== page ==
when calculating the amount of Rent Supplement you qualify for:
- An amount equal to the Supplementary Welfare Allowance
(SWA) rate for your household circumstances
- Foster care payments from the Health Service Executive (HSE)
- Payments for accommodating children under the Child Care Act
- Income from Gaeltacht students
- Grants or allowances from schemes promoting the welfare of blind people
- Money received from charitable organisations, for example, St Vincent de
- Compensation awarded by the Compensation Tribunal in respect of Hepatitis
C contracted from certain blood products, to those who have disabilities
caused by Thalidomide and to those receiving compensation under the
Residential Institutions Redress Board
- Maintenance grants paid by VEC or local authorities for educational
purposes (now replaced by the Student
- Respite Care
- Guardian's Payment (Contributory) and Guardian's Payment
- Fuel Allowance and the Living Alone Allowance
- Pensioners: If you are aged 65 or over (or where one of
a couple is of pensionable age) and have a combined household income
greater than the rate of SWA appropriate to your household circumstances,
the difference between the maximum rate of State
Pension (Contributory) appropriate to your circumstance and the rate of
SWA appropriate to your circumstances is not taken into account.
- Carers' payments: The half-rate Carer's
Allowance is never taken into account.
- If you are getting Carer's Allowance, the amount of
Carer's Allowance above the appropriate SWA rate for your situation (either
the qualified adult rate for a couple or the personal rate of SWA) is not
taken into account. So if you are one of a couple and
getting Carer's Allowance the amount of Carer's Allowance being paid less
the SWA qualified adult rate is not taken into account and if you are
single or a lone parent the amount disregarded is the rate
of Carer's Allowance being paid less the personal rate of SWA.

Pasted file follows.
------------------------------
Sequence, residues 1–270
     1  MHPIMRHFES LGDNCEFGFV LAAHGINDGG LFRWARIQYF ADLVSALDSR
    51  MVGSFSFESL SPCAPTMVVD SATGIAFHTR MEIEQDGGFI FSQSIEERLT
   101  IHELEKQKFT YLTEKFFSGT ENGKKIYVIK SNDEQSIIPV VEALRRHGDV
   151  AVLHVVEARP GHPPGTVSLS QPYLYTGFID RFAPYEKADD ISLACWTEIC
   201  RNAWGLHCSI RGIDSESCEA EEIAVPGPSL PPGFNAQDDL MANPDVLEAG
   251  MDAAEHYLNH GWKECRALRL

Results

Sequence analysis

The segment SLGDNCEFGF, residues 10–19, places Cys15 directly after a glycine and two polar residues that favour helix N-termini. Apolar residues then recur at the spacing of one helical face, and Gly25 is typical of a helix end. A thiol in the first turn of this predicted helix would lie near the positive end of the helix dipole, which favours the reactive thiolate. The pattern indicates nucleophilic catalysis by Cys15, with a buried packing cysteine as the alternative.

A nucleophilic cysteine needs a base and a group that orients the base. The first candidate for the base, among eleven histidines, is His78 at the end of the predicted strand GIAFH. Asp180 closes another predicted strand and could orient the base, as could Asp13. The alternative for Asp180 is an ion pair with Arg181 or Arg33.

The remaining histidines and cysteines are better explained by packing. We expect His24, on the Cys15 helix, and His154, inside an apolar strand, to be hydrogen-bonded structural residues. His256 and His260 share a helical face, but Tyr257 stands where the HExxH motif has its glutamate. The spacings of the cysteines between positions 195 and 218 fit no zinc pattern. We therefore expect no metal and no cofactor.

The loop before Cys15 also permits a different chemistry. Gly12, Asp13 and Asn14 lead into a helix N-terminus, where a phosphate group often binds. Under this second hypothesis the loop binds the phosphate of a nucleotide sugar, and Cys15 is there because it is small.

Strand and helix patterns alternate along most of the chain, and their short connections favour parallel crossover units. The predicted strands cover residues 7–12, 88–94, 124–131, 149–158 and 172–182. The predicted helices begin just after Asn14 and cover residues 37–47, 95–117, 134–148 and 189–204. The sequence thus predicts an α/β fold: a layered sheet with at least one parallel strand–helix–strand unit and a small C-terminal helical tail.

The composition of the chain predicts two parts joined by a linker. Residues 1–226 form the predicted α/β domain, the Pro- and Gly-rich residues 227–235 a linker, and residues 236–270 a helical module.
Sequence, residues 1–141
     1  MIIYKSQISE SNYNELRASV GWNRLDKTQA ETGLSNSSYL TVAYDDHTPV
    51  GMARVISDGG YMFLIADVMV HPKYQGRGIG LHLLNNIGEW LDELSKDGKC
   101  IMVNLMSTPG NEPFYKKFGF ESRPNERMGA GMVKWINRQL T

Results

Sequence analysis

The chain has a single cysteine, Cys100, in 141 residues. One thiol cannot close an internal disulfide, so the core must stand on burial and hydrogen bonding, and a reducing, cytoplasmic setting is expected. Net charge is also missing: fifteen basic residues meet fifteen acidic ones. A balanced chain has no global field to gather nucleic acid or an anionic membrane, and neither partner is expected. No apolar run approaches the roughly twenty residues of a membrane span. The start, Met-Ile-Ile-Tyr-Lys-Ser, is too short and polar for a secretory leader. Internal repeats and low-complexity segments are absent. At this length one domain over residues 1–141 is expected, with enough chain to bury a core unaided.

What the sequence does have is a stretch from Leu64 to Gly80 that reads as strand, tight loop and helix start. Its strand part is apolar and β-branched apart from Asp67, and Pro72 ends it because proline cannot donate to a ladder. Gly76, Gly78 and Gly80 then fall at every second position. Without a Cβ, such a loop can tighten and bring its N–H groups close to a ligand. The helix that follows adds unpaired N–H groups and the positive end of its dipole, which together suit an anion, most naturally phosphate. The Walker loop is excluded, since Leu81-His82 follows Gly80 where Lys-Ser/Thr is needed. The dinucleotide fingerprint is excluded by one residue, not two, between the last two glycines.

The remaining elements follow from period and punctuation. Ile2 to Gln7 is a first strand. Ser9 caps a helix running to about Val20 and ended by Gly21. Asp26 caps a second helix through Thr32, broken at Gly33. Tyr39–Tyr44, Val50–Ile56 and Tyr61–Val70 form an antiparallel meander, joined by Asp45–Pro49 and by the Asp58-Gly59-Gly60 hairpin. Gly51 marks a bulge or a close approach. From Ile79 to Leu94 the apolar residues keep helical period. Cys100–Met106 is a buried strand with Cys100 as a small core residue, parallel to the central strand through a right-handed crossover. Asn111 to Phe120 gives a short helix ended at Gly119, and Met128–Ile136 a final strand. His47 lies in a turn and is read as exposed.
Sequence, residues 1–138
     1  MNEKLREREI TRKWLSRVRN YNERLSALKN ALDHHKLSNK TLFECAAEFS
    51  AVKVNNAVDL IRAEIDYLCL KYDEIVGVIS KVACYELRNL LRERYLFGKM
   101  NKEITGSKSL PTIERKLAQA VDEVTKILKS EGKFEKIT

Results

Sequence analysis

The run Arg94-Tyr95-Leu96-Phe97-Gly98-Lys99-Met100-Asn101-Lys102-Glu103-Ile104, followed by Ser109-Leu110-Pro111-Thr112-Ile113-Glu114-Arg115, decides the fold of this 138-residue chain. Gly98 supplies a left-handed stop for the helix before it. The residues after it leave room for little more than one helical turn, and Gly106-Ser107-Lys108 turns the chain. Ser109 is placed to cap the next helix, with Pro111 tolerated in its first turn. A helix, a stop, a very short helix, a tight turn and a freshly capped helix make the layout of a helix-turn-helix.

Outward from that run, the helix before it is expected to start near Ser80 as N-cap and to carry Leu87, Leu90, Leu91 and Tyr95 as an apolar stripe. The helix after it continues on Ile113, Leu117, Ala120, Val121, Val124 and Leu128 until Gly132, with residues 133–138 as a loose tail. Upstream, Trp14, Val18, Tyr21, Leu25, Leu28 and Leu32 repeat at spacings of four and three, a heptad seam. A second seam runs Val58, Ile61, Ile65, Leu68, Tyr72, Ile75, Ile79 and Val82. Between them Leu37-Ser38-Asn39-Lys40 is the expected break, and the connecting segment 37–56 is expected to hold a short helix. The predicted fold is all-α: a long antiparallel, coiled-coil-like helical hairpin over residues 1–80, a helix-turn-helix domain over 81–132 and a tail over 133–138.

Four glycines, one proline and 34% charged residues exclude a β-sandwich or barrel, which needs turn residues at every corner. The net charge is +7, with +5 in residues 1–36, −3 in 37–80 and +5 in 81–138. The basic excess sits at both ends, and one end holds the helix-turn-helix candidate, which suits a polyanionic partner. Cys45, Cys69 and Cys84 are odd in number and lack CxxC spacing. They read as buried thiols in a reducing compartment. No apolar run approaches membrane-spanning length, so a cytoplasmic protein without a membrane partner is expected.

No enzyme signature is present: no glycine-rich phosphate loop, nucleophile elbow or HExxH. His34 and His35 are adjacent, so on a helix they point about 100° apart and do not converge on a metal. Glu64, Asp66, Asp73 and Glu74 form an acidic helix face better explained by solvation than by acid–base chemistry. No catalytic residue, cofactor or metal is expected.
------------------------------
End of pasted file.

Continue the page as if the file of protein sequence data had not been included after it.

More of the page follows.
- Any amount of Carer's Benefit in excess of the
basic SWA rate for your situation (either the qualified adult rate or the
personal rate of SWA) is not taken into account.
- Rehabilitative earnings disregard: A certain amount of
your income from rehabilitative work which is not taken into account. If
you are getting Disability Allowance or Blind Pension, €120 from
rehabilitative training or employment is not taken into account in the
assessment for Rent Supplement. Any earnings over €120 from
rehabilitative training or employment will affect your Rent Supplement. If
you are earning above €120 you can be assessed using whichever disregard
is most in your interest - either the Rehabilitative earnings
disregard or the Additional income disregard (but not both).
- Additional income disregard: A certain amount of your
household income from certain sources is not taken into account. €75 of
any additional household income* above the SWA rate for your
circumstances is not taken into account. Also, 25% of additional
household income over €75 is not taken into account. There is no
upper limit on the amount that can be disregarded.
*Additional household income is income from part-time
employment or part-time self-employment, Family Income Supplement (FIS),
Community Employment (CE), the Tús scheme, JobBridge,the Rural Social